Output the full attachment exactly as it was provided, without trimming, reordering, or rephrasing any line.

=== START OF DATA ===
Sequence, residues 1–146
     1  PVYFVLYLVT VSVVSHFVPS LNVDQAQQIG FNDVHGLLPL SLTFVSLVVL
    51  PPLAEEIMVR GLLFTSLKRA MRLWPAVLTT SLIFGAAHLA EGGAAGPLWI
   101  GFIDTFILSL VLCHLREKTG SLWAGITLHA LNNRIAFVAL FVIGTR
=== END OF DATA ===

Sequence, residues 1–146
     1  PVYFVLYLVT VSVVSHFVPS LNVDQAQQIG FNDVHGLLPL SLTFVSLVVL
    51  PPLAEEIMVR GLLFTSLKRA MRLWPAVLTT SLIFGAAHLA EGGAAGPLWI
   101  GFIDTFILSL VLCHLREKTG SLWAGITLHA LNNRIAFVAL FVIGTR